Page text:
Delta Air Lines reported a first-quarter 2017 net profit of $603 million, down 36% from net income of $946 million in the prior-year period, as fuel prices rose sharply year-over-year.
The Atlanta-based carrier said it expects to take a $125 million hit in reduced pre-tax income in the second quarter from the 4,000 flight cancellations resulting from severe thunderstorms April 5 and the subsequent problems in operational recovery over several days related to crew displacement.
“The storms that hit us [April 5] had an impact that, in my 20 years at the airline, I’ve never seen,” Delta CEO Ed Bastian told analysts and reporters.
“There was a virtual shutdown of Atlanta for the better part of a day … We had crews that were diverted. We had crew rotations that were broken … We apologize and certainly take responsibility for making this better in the future … We were literally running the airline hour-by-hour in terms of where crews were and getting them back to where they needed to be.”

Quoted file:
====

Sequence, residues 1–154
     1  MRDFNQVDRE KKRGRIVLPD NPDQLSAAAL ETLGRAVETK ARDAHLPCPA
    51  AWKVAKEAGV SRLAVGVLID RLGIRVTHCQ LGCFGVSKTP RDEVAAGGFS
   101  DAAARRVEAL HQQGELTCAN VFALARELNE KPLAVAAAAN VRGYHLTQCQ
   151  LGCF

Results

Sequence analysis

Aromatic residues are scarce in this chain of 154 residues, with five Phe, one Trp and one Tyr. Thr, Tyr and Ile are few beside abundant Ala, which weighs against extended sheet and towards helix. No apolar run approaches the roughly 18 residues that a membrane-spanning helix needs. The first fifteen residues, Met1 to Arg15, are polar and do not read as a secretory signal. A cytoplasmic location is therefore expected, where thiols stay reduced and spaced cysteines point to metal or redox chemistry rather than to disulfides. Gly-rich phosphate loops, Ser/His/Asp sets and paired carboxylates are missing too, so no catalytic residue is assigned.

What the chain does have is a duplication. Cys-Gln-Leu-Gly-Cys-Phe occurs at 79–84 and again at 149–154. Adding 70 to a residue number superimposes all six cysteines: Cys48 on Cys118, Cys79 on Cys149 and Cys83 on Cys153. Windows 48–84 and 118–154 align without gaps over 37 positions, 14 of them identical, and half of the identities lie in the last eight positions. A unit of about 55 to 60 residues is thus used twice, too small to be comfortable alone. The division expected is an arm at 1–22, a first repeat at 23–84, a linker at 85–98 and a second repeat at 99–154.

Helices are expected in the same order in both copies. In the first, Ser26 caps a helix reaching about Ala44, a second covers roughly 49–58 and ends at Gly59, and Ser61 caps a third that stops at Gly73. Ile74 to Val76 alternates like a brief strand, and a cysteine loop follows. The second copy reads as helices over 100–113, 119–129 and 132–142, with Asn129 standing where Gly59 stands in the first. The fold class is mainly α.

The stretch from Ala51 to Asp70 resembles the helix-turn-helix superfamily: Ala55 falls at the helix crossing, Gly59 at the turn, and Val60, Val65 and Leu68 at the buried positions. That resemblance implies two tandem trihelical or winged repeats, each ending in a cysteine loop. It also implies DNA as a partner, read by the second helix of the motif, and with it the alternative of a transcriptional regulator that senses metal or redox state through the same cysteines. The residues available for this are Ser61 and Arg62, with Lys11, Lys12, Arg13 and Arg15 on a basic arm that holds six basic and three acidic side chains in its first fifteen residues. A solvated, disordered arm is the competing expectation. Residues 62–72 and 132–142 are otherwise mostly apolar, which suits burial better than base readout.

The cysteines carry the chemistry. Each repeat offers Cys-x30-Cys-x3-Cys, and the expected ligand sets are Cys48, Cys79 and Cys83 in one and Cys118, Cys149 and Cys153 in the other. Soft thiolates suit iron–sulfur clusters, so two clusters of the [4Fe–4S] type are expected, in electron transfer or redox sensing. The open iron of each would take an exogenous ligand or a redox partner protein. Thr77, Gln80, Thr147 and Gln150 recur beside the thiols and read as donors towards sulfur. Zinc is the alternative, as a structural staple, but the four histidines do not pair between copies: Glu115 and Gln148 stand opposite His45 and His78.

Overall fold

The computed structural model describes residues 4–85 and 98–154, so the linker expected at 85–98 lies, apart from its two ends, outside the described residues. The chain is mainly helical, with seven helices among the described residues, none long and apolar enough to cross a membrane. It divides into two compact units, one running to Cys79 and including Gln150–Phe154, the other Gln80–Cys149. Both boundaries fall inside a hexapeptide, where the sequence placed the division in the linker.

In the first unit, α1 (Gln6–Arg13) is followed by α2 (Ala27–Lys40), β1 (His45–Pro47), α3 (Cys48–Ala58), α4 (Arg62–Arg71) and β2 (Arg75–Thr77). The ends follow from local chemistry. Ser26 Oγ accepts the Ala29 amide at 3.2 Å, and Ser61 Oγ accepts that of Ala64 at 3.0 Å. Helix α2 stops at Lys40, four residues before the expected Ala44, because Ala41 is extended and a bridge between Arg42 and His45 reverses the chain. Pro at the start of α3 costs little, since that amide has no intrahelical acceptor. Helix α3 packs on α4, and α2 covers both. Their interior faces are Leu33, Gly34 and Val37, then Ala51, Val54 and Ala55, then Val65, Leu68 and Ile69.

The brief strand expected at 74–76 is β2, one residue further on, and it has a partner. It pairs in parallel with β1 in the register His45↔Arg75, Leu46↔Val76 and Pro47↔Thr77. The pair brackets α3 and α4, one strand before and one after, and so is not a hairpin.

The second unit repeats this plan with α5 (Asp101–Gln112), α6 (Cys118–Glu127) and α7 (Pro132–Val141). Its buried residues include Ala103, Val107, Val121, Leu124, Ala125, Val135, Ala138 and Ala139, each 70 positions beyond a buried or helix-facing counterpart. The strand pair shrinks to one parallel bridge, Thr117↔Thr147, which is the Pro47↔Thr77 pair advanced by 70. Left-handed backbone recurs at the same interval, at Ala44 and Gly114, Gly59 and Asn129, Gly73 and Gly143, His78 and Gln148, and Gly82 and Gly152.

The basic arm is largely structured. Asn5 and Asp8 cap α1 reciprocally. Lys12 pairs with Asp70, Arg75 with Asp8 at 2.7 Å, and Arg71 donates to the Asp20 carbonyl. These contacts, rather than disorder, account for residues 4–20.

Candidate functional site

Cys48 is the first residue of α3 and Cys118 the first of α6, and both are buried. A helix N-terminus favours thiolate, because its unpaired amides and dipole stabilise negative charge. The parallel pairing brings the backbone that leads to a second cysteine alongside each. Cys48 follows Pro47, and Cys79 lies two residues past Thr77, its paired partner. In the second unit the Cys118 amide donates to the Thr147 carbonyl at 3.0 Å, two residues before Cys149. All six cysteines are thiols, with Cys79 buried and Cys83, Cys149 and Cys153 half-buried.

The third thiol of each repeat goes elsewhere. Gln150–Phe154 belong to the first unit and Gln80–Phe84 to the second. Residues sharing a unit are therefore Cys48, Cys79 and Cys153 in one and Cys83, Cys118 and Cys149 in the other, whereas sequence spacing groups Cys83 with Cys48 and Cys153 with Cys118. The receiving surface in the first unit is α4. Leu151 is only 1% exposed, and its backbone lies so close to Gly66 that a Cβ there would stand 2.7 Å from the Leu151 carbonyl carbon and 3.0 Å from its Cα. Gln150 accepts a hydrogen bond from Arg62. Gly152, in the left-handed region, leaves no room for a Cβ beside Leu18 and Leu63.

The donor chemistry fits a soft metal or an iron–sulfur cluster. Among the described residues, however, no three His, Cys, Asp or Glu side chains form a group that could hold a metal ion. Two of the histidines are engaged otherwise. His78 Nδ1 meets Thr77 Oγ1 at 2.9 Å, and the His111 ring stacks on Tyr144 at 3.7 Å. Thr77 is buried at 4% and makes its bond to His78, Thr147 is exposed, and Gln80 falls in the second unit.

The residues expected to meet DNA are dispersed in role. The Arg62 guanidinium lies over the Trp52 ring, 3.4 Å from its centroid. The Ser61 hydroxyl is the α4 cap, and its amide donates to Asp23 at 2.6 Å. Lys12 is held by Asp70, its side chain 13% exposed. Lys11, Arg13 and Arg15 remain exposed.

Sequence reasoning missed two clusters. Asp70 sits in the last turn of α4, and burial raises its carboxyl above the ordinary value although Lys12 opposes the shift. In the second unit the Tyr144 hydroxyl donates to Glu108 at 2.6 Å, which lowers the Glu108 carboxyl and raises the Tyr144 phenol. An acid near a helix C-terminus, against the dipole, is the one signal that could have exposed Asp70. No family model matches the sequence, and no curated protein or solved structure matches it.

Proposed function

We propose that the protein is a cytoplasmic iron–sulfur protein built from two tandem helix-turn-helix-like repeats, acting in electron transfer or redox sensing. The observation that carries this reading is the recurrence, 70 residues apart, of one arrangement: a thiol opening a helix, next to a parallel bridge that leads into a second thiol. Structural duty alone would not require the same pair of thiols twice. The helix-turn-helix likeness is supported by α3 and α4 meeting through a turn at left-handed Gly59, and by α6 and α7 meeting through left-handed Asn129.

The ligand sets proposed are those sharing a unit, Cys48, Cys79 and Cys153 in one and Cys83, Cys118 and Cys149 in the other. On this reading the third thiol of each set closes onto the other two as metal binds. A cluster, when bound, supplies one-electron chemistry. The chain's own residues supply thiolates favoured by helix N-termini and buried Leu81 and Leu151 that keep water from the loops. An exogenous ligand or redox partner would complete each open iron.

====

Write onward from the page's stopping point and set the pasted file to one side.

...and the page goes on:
He added, “When we have snowstorms, we typically get out of the way. We were not able to get out of the way of this … The IT worked as designed. It got overwhelmed by the volume [of out-of-place crew]. The equipment worked throughout.”
Delta said its first-quarter adjusted fuel expense, which takes into account fuel hedging, increased $327 million compared to the same period in 2016, citing 52% higher market prices for fuel.
Delta’s first-quarter revenue was down 1% year-over-year to $9.1 billion, while expenses increased 5% to $8.1 billion. Operating profit was $1.1 billion, down 32% from operating income $1.5 billion in the 2016 March quarter.
Delta’s consolidated first-quarter traffic rose 0.5% year-over-year to 48 billion RPMs on an 0.5% decrease in capacity to 57.9 billon ASMs, producing a load factor of 82.9%, down 0.8 point. Passenger yield fell 1.4% to 16.3 cents.